Published Aug 17, 2021
In Commercial Construction


Potain Tower

ALL Crane goes to the beach for hotel construction on Florida’s Gulf Coast

Building a hotel might sound like routine construction, but when you’re in the tourist town of Panama City Beach, Florida—and you’re building directly on the beach—nothing is routine.

The beach is adjacent to a bustling retail area loaded with national big box stores, a shopping mall, smaller boutique stores, as well as restaurants and all the typical trappings of a vacation destination. Not to mention there are already two existing hotels on either side of the construction site, and the nearest roadway intersection is one of the busiest in the area.

ALL Crane Rental of Alabama, a member of the ALL Family of Companies, which serves the panhandle of Florida, was chosen to provide the tower crane for this vertical construction project, under the direction of its customer, Robins & Morton, the project’s general contractor.

To construct the 11-story hotel, ALL specified the Potain MDT 368 tower crane with a 185-foot final hook height and 148 feet of jib. Assembly took two days last November, with a 350-USt Grove GMK6300L all-terrain crane, also provided by ALL, acting as the assist crane.

Just how constricted is it building on a popular beach near a busy retail area? “When we were assembling the tower, the tower sections and parts were loaded onto trailers and parked all along the roadway, stretching from Target to the Walmart Supercenter,” said Scott Swearengin, sales representative for ALL Crane Rental of Alabama, describing the jarring juxtaposition when heavy equipment intersects with a public retail area. 

Perhaps the most important consideration of all for the project was Panama City Beach’s location on the Gulf of Mexico, in a prime hurricane zone. This factored in to the Potain MDT 368 being chosen for the job.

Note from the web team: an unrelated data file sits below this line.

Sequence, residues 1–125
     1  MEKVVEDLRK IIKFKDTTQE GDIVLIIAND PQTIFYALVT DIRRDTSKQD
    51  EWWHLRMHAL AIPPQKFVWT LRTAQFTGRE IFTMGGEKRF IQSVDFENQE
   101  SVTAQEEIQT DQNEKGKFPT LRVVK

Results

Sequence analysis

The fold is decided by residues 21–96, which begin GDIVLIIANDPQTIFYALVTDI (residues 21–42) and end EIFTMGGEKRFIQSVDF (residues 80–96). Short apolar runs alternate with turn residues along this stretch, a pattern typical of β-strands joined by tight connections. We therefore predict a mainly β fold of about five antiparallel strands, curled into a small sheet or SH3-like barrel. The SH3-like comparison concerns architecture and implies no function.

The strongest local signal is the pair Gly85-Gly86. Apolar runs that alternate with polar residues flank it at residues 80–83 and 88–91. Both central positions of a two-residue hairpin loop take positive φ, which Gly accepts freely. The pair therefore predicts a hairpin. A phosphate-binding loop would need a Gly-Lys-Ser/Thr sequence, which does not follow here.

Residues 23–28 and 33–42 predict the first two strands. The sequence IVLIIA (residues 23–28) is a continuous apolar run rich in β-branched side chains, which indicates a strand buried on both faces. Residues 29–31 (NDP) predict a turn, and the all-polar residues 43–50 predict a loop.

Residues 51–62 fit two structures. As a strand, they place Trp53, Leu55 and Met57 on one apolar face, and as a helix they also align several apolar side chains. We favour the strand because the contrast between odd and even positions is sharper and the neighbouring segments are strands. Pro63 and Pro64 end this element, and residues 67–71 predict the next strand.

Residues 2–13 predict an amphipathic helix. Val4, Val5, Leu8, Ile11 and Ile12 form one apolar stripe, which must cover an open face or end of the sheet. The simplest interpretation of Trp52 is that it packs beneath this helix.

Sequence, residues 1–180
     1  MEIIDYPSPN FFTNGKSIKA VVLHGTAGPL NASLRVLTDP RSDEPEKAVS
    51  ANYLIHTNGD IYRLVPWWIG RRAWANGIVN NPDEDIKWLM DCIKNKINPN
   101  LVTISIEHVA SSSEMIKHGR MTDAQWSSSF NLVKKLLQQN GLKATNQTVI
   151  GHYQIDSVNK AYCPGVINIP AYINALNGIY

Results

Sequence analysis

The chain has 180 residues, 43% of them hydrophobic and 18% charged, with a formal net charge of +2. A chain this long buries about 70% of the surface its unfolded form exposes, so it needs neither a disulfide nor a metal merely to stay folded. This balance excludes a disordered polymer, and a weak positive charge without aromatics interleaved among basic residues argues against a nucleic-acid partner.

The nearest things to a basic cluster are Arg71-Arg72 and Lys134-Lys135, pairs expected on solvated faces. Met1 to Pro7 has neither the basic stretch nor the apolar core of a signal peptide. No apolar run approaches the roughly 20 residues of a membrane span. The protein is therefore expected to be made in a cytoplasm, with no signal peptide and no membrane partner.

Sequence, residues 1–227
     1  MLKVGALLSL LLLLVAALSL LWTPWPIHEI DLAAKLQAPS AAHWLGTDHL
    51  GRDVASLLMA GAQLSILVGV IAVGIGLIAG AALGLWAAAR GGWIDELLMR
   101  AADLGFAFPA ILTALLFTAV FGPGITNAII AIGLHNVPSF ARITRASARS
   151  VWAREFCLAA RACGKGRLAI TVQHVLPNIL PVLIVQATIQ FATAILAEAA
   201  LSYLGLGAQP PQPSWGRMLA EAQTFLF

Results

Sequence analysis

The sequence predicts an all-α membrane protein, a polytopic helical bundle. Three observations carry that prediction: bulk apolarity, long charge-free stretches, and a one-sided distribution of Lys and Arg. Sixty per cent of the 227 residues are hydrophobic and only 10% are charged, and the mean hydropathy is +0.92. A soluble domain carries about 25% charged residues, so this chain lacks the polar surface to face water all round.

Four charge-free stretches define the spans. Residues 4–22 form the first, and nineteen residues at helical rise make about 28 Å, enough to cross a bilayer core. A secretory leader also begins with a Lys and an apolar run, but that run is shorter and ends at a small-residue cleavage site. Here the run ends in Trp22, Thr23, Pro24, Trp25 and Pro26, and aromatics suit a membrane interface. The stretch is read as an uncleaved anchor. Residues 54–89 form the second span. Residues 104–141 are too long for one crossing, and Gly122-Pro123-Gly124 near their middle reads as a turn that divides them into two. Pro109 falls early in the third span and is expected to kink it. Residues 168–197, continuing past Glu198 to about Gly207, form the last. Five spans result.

Swearengin says his branch worked closely with ALL’s tower division, ALL Tower Crane, to determine the best equipment for the environment. ALL Tower’s general manager, Sam Moyer, who is also an engineer, compiled the information, ran the numbers against the region’s ocean wind conditions, and generated a report determining the Potain MDT 368 was the best choice for vertical construction in this hurricane zone.

“Obviously, if a hurricane were to strike during the project, work would halt and the tower crane’s jib would be allowed to simply weathervane with the winds,” said Swearengin. “But what we wanted to know was, structurally, what tower was best equipped to sustain hurricane-force winds so that work could resume as soon as possible after a potential weather event. For the conditions likely to be encountered, the Potain MDT 368 came out on top.” Fortunately, the choice was never put to the test, as hurricane-force winds never materialized during the build.

Work on the hotel is nearly complete, with topping off of the tower crane expected later in August. In September, the Grove GMK6300L returns to the site to disassemble the tower and remove it from the beach.